Anyone can fall prey to financial fraud at any time. No matter how careful you are, criminals are working around the clock to find and create new ways to steal money from honest, hard-working people.
From data breaches and online scams to shady swindles and illicit schemes, fraudsters target unsuspecting victims and deceive even the most vigilant skeptic. And as technology becomes increasingly integral to the way we connect, do business, and manage our finances, scammers are becoming more sophisticated every day.
From high-tech hacks to cold-hearted deception, criminals consistently pilfer billions of dollars from millions of Americans every year. But while some forms of fraud might be outside of your control, you can take protective steps to limit your vulnerability to common financial scams.
Phishing (pronounced like “fishing”) is a fraudulent attempt to get sensitive data, such as credit card or bank account information, usernames, and passwords, or other private details by posing as a trustworthy entity. A common tactic used by scammers is to send an official-looking email that appears to come from a financial institution or a company you do business with, asking you to update your account information.
If you receive an email or message via social media asking you for sensitive information, do not click on the link or provide any of your account details, no matter how legitimate it appears. Instead, reach out to the company directly using their official contact information to verify the request.
A popular hustle for scammers is to notify you that you’ve won a prize, such as a lottery, sweepstakes, or contest, stating that you need to provide personal information or pay a fee to collect your winnings. Alternatively, the scam may ask you for personal information or a fee just to enter. They also commonly pressure you to act quickly or risk missing out on your prize.
Always be wary of unsolicited mailings, messages, and notifications. Conduct research on the company and the sweepstakes or contest. Don’t pay any fees to collect winnings. And never provide sensitive information.
Many taxpayers have reported receiving a phone call from someone impersonating an IRS agent, demanding money for overdue taxes, and threatening consequences. They may claim that they will garnish your paycheck, seize your bank accounts, revoke your driver’s license, or even arrest you if you do not comply. Unwitting victims are pressured into sending large amounts of money before hanging up the phone out of fear.
The truth is, most official correspondence from the IRS is done through the U.S. mail. They do not call to demand immediate payment without the opportunity to question or appeal what you owe, they do not demand a specific payment under threat before ending your call, and they do not involve law enforcement.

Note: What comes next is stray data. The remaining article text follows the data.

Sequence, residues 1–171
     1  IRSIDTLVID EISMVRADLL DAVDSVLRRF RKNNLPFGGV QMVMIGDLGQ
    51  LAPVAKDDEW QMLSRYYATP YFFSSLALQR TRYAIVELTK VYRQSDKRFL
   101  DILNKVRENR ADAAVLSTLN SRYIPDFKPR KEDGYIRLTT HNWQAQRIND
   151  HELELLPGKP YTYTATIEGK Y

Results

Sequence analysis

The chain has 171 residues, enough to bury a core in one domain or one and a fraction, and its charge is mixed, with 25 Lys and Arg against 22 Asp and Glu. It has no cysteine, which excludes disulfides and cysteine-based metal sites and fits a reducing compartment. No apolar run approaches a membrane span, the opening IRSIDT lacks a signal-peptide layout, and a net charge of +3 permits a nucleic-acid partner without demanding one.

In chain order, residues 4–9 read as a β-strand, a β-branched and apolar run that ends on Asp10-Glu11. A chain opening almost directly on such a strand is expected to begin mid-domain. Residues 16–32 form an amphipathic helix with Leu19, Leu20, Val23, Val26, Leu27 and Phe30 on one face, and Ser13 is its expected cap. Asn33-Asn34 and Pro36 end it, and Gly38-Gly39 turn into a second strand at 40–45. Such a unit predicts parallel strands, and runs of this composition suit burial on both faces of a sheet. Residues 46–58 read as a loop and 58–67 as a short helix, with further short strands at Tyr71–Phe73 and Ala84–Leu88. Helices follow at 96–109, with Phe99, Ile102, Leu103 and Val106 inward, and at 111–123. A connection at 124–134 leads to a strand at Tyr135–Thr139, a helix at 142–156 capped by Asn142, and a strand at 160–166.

If you do have unpaid taxes, contact the IRS directly to arrange for payment. If you discover that someone has attempted to scam you, contact the Treasury Inspector General for Tax Administration.
It is not uncommon for legitimate debt collectors to contact you to collect on the debts you actually owe. However, you may also encounter scammers posing as debt collectors trying to get your personal information or to request payment for debts you believe you owe.
It could be a fake medical bill since scammers are aware that people often receive and pay unexpected medical bills or student loan bills because they know borrowers often receive confusing communications from servicers. It might resemble a bill for an actual payment you owe or one you’ve already paid. The scammer may also pose as a debt settlement company claiming to be able to settle or renegotiate your debt in some way.
To avoid falling victim to this kind of fraud, always verify the debt and the debt collection company information before providing any personal financial information. Send a letter to the company to request official verification.
Fake Job Scams
Scammers take advantage of job hunters by creating fake companies, posting job openings, and contacting people through online job boards. They often target younger, less experienced applicants and expedite the interview and hiring process, sometimes conducting only a phone interview or a quick in-person interview in a nondescript office.
The unsuspecting new hire then provides the person who offered them a job with sensitive personal information that is used to commit identity fraud. Another common scam is that the new fake employer will ask the victim to pay upfront for training or equipment. They may also send the new hire a fake check to pay for equipment, and then ask the victim to deposit it into their account and return a portion of the money.